In option trading, intrinsic value (I.V.) refers to the difference between the exercise price (strike price) and the market value of a security. Professor Benjamin Graham from Columbia is credited for having conceptualized the margin of safety concept.
This happened in 1934 and resulted in the good professor introducing the idea of calculating the I.V of a stock. The professor demonstrated his idea by analyzing the assets of a company and earnings. This resulted in him forecasting the future earnings of the company.
It is said that an option has an intrinsic value if it’s in the money. This means that the option has a positive monetary value. To calculate this, we have to define both put and call options.
This is defined as the difference between strike and stock price. If the option is at the money or out of the money, I.V will be always zero. Use the equation below to determine the put option.
Intrinsic value for put option = (Exercise price – Underlying security price)
When it comes to the call option, I.V is equal to the price of a stock less the exercise price. Use the equation below to determine the call option
Intrinsic value for call option = (Underlying security price – exercise price)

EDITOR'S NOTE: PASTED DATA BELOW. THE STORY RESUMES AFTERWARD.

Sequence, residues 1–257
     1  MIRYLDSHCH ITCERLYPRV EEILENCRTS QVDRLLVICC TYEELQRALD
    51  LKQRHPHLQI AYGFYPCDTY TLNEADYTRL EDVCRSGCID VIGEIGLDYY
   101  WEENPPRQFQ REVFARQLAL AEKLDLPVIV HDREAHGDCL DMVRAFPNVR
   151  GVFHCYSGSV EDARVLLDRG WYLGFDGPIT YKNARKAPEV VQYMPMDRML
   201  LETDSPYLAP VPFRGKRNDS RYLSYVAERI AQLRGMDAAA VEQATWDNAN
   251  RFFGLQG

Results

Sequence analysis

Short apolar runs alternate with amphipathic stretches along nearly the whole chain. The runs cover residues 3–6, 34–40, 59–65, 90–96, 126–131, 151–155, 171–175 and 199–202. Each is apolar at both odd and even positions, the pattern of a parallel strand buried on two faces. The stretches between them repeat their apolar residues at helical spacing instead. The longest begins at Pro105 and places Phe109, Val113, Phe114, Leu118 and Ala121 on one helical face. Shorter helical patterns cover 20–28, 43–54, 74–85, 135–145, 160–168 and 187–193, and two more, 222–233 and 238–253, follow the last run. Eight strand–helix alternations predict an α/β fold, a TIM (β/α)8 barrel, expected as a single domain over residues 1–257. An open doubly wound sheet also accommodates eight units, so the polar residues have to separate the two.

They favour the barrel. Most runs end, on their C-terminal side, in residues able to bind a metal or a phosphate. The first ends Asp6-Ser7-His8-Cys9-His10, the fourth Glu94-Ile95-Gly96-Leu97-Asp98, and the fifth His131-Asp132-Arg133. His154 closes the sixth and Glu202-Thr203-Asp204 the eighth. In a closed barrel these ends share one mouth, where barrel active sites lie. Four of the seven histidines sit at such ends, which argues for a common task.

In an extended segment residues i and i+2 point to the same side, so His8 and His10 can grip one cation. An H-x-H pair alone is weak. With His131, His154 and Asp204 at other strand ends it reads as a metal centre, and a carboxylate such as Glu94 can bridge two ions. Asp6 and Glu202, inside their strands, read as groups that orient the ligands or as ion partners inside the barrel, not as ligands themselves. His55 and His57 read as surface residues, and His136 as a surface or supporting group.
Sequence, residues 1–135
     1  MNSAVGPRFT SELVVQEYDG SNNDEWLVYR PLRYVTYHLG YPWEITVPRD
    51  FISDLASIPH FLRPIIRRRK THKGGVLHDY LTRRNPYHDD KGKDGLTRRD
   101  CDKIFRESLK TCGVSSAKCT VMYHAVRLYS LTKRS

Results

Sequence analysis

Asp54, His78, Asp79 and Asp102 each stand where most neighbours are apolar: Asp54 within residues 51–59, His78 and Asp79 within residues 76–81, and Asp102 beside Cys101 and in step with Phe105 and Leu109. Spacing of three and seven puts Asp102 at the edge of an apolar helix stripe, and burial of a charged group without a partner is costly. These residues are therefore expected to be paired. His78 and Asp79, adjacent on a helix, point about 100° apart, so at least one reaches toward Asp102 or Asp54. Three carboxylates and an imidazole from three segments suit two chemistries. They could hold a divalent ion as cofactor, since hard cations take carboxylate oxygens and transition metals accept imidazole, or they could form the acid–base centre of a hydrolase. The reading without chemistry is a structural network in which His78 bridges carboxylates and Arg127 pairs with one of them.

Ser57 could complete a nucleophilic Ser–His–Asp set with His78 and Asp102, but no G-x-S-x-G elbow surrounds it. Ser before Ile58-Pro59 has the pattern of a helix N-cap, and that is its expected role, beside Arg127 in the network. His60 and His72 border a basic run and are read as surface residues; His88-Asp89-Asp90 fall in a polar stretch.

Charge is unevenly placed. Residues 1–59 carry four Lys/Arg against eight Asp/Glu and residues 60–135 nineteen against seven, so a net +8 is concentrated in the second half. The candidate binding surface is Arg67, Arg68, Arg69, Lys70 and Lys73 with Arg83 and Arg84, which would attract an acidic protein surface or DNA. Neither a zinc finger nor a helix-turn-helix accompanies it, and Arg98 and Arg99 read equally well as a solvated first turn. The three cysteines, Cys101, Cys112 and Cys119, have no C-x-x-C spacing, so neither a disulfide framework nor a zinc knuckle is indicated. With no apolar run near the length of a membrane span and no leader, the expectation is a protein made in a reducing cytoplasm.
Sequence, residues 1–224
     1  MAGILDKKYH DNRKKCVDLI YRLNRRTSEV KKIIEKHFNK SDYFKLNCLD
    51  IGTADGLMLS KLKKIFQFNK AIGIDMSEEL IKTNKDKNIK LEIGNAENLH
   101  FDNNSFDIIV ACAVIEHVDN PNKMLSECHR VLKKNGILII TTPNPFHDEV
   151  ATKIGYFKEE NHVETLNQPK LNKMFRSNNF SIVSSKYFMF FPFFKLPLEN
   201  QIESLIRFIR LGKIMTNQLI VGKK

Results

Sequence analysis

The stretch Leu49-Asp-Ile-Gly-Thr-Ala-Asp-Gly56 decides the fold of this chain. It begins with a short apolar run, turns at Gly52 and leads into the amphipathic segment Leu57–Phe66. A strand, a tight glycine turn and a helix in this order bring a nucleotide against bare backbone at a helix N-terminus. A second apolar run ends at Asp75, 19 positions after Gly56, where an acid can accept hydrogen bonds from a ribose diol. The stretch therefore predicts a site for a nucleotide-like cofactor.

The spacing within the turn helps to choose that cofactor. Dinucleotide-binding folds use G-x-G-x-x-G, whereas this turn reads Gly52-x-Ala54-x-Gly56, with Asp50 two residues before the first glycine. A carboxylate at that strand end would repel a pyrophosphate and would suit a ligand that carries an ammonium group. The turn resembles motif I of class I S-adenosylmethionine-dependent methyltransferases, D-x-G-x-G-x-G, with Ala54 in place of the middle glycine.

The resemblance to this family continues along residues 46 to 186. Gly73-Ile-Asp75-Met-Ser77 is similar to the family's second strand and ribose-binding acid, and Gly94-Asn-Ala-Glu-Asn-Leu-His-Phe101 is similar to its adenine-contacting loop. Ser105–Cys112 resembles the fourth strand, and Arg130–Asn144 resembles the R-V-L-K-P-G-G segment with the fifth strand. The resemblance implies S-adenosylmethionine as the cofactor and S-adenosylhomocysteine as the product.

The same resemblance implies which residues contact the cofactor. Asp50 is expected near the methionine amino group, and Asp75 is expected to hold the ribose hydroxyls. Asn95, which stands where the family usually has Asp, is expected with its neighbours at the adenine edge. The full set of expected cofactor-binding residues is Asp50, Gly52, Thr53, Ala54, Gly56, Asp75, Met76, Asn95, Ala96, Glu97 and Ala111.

How It Works
Here is an example to help you understand how the above are implemented in option trading.
Let’s assume the call option exercise price is $20 and the market price of an underlying security is $30. This means the call option is $10.
If we were to assume that a trader or investor buys a put option that has an exercise price of $25 for $10 while the security was trading at $15, the put option intrinsic value will be $10 ($25 – $15).
Let’s also assume that the investor opts to purchase a put option with an exercise price of $10 for $1. Since the underlying security price is $15, the intrinsic value for a put option would be zero. As a result, it can be concluded that it is out of the money.
For options that are out of the money, buyers will not be interested because it will result in a loss. What the buyer will do is let the option expire thus getting no payoff.
Why Intrinsic Value Matters
For starters, it helps investors understand more about the security they are intending to purchase. This is because investors have the following goal in mind – to locate stocks that are trading less than their intrinsic value.
Secondly, it helps to distinguish between growth and value investors. Growth investors are known to rely on earnings estimates.
These earnings can either be too high or wrong making them unreliable. On the other hand, value investors purchase securities that are selling at a discount. To profit, value investors will wait for the price to increase in order to profit. Despite the difference, both investors – value and growth – purchase securities expecting the market price of the security to rise and match the intrinsic value.
Learning the intrinsic value of a security is very useful especially for value investors. This enables value investors to purchase securities at a discount and profit from the difference. There are other measures that value investors use to determine a security’s I.V. They include discounted cash flow analysis, asset based valuation and use of metrics like price-to-earnings ratio.